Columbus, OH -- Stephanie Mavunga knows she can control whether she grabs a rebound or not.
Mavunga, a redshirt senior forward for Ohio State, knows she can’t control getting the ball or finishing shots. But she can rebound the ball.
No. 5 Ohio State defeated No. 10 Stanford 85-64 on Friday in St. John Arena. The Buckeyes didn’t shoot that well, but they did have 64 rebounds. Mavunga had 26 of those, breaking the single-game record that Mary Sivak held in 1979.
The thought of grabbing rebounds is stuck in Mavunga’s mind. Coach Kevin McGuff makes sure she knows to rebound every day. Mavunga even receives text messages in the middle of the day from associate head coach Patrick Klein that tell her to rebound.
She knows to rebound like a squirrel knows to gather nuts for the winter.
“You might think it’s not really a big deal or like ‘Coach, I can do this, I can do that,’” Mavunga said. “And he’s like ‘Alright, no, we’re going to do it again, we’re going to do it again. So it becomes your identity.”
Anytime the ball came off the rim, Mavunga seemed to be there, ready to put the ball back in the hoop. She fought for offensive rebounds down low, grabbing 14.
And when she had a chance to score off a putback, she usually did. Mavunga had 17 points. The Buckeyes shot 34.3 percent from the field – they didn’t have a good shooting night.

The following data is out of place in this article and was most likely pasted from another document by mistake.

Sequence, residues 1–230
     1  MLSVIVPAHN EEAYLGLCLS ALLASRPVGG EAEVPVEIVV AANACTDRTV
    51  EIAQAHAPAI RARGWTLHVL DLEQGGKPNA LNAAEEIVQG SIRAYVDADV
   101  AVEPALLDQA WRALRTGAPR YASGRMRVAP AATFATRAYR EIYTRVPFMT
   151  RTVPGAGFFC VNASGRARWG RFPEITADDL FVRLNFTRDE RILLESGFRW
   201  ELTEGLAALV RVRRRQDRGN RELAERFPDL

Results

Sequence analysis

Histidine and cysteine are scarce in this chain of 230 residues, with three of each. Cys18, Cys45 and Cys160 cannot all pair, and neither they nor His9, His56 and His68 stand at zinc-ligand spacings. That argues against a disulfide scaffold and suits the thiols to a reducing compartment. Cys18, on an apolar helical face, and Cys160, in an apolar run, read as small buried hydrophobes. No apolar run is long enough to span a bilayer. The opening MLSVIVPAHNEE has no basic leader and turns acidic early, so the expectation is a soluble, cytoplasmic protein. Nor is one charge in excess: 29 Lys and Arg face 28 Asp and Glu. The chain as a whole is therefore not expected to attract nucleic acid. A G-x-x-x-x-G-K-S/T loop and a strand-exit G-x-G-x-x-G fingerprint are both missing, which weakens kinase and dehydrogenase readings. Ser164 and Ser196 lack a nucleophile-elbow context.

But because of Mavunga’s intensity down low, the Buckeyes were able to stave off bad possessions. The Buckeyes finished with 28 offensive rebounds.
“We got so many extra possessions it allowed us to kind of look good offensively with what we scored,” coach Kevin McGuff said. “But really it wasn’t a very efficient offensive night for us.”
McGuff said that Mavunga’s tenacity down low stems from her work in the off-season. He emphasized that she’s in the best shape of her life. Mavunga said that she practices in a hoodie most of the time.
With the hoodie on, she feels heavy. The hoodie has helped her gain this quality physical condition, though. The rebounds that she fights for inside don’t tire her out.
“I just run faster, I feel like I have more stamina,” Mavunga said.
The Buckeyes struggled to make shots, but they are the No. 5 team in the country for a reason.
After coming off a season in which it lost in the Sweet 16 to Notre Dame, Ohio State has returned eight upperclassmen for this season.
Including Mavunga, the Buckeyes had four players score in double figures. Senior guard Kelsey Mitchell led the team with 30, and Sierra Calhoun and Linnae Harper both had 15.
At one point, Mitchell didn’t even realize she was in double figures because of her average shooting night. Mitchell shot 43.4 percent from the field and 27.2 percent from three.
Mitchell and the Buckeyes have Mavunga to thank.
“Steph made it better for all of us,” Mitchell said.